For me, it was learning about the Loch Ness Monster. In the middle of a childhood defined by fiction books, I distinctly remember sitting at a table in the back of my third-grade classroom, looking at the famous surgeon’s photo in a book, and realizing this was a place that really existed (even if maybe the monster did not).
Twelve years later on a cold and rainy February afternoon, I stood on the banks of Loch Ness itself, looking for the monster and drinking some tea. Life rewards us that way sometimes.
When I was in high school studying German, my teacher told us about JFK’s famous Ich bin ein Berliner speech, pointing out that, in German, we don’t say, “I am a Berliner” or “an American” or “a Pennsylvanian,” but simply, “I am Berliner,” or “I am Pennsylvanian.” Adding an article before Berliner kind of made it sound like he said, “I am a type of gooey jelly donut famous to this region.”
But I digress. Whatever the literal translation, his meaning was clear. And today, I feel exactly the same way.
The year before I studied in Germany, a friend of mine studied in Spain. That semester, she stopped wearing her watch, she stopped worrying as much as we’re both prone to, and she learned how to be spontaneous, or, as she called it, spaintaenous.
What a great way to live.
Pont du Gard, 2009.
Just like my friend, I typically like to plan things. I like to know where I’m headed and what steps I’ll take to get there. But there’s a big, suppressed part of me that hates being so regimented.
I am very, very hesitant to travel with others. So many of my travels have been alone, which I’ve loved. When something goes wrong (because things always go wrong when I travel), I don’t have to worry about anyone else. I can go out and meet new people when I need a friend, but I can always get away when I need to be alone. Traveling with someone else can be terrifying.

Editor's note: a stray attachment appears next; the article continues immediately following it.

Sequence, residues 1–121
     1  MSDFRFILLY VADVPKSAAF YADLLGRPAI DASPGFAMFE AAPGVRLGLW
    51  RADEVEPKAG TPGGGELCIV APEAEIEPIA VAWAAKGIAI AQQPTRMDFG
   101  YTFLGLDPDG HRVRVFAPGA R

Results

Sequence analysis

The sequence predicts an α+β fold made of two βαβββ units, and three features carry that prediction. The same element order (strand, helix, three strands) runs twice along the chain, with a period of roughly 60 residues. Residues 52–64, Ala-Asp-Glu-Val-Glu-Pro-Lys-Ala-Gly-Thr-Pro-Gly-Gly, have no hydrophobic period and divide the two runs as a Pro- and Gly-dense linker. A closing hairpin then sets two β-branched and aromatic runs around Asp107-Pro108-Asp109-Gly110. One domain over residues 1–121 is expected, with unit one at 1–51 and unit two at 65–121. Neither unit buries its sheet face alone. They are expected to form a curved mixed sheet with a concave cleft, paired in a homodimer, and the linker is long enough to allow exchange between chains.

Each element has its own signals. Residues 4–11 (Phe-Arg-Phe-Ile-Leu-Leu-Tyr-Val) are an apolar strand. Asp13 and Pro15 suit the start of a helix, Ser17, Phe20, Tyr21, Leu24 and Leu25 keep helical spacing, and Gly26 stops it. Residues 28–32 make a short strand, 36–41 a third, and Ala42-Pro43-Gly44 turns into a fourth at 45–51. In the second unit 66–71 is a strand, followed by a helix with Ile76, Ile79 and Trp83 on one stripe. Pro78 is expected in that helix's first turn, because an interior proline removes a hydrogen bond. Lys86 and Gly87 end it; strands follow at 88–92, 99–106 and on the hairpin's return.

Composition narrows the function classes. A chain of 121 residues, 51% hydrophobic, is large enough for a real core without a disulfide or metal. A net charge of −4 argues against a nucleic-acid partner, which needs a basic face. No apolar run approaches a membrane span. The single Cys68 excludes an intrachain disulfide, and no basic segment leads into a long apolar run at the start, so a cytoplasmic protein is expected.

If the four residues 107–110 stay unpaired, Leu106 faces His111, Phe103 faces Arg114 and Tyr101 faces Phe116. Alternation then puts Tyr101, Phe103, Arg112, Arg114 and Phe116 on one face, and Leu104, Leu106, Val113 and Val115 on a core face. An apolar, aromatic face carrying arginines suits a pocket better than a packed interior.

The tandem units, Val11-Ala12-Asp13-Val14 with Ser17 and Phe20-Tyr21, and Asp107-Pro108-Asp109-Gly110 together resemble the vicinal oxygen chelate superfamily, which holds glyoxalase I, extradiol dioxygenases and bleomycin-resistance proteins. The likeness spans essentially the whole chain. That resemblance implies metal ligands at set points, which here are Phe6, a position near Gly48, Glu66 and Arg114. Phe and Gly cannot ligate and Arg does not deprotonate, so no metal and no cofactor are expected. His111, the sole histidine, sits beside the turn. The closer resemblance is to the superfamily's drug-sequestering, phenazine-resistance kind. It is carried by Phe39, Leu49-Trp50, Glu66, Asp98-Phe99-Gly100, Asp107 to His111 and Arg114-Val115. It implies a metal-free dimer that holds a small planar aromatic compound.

Guys, Merry Christmas to ME! After a month of being computerless, I finally bit the bullet and bought a new laptop. I don’t want to get into which kind I got because I don’t want to be all product-placement about it, but I love it, and it’s fast, and I’m keeping it far away from water.
It’s been a week since we said goodbye to the Wookiee, and I’ve decided to write this post as though it never happened. It’s a part of my life, and I’m still sad, but it’s not a part of the weekend I spent in Baltimore, which is what I’m writing about.
Image from MingPresents. Click photo to see her blog
That weekend, I spent several nights with my BFF. We went to a fruit tree festival in Druid Hill Park, where the kids bobbed for apples in a downpour, and we took the Light Rail to the Guster concert at Ram’s Head. We put together a puzzle and watched Master Chef, and I played with their kiddos every evening. (Meaning, they bilaterally threw blankets over my head for a two-fold attack. Aunthood was so much easier when there was only one! I’ll never win against Team Sibling.) We went to a mutual friends’ house—friends I hadn’t seen in years—and reconnected like only a day or two had passed.
Being in Baltimore was like going home.
Which is weird, really, because it never felt like home when I lived there.